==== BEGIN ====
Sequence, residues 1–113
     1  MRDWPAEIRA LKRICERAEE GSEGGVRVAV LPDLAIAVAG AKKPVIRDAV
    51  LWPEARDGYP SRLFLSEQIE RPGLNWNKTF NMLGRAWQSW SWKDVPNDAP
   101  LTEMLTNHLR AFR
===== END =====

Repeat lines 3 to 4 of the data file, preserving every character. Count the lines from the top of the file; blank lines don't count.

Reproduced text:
    51  LWPEARDGYP SRLFLSEQIE RPGLNWNKTF NMLGRAWQSW SWKDVPNDAP
   101  LTEMLTNHLR AFR